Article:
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1. What action is the Welsh Government considering and why

The challenges facing Wales require us to transform our approach to infrastructure investment and delivery. To prepare Wales for the future, we need to ensure that our infrastructure investments can respond to the climate and nature emergencies; tackle inequality, consider the needs of the most vulnerable; grow the economy and create jobs; and deliver the greatest possible impact with our limited resources. Delivering this transformation requires change at all levels in terms of how investments are planned, approved, delivered and managed.

The Wales Infrastructure Investment Strategy (WIIS) is our second 10-year, cross-governmental infrastructure strategy, designed to set a framework for all our infrastructure investments. In a change from the previous Wales Infrastructure Investment Plan, and to reflect the integrated and indivisible nature of Wales’s well-being, the WIIS is an outcome-based strategy, built around the 4 domains - economic, social, environmental and cultural – of the Well-being of Future Generations (Wales) Act.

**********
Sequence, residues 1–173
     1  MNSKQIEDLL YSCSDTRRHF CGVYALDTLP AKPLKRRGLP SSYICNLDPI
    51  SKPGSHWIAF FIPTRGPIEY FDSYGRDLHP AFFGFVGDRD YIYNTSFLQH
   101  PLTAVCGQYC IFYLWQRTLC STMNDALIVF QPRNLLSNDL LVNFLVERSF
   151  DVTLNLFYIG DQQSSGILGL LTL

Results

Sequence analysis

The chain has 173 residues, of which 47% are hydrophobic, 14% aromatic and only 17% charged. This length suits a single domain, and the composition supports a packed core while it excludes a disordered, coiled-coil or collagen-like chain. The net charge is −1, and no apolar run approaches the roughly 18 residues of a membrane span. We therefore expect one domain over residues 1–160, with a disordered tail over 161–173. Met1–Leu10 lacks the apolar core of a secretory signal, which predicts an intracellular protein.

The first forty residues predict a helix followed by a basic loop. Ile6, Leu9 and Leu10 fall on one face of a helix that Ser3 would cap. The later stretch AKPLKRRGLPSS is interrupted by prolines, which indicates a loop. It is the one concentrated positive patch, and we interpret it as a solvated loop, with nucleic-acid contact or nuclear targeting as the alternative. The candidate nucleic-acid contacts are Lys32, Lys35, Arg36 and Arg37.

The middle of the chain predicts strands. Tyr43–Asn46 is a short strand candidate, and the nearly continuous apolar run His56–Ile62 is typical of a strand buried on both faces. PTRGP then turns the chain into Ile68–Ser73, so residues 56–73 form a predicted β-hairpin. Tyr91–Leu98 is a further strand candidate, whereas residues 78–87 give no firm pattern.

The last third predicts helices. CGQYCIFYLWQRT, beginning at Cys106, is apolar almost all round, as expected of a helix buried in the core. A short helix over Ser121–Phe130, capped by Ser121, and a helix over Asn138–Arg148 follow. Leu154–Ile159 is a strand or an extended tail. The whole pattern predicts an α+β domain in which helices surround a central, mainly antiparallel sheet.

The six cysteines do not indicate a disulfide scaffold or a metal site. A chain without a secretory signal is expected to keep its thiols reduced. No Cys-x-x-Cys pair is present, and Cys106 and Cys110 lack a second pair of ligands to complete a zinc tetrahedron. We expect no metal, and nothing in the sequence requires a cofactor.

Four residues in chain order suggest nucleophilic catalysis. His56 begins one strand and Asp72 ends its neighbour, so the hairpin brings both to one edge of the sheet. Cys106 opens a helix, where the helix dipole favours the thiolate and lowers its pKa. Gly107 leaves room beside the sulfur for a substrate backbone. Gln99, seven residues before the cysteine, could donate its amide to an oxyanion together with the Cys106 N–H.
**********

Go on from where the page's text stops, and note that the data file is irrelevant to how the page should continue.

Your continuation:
The chapters of the WIIS are dedicated to each of the 4 well-being domains while infrastructure sectors, such as Transport and Housing, are reflected in each of these chapters rather than having discrete chapters based on sectors. By taking a thematic approach, the strategy recognises that whilst investment in a particular sector may deliver more strongly against one theme than another, there are often clear secondary and tertiary purposes of investment that need to be captured effectively. This also recognises the interrelationships between different areas of infrastructure and the outcomes they deliver.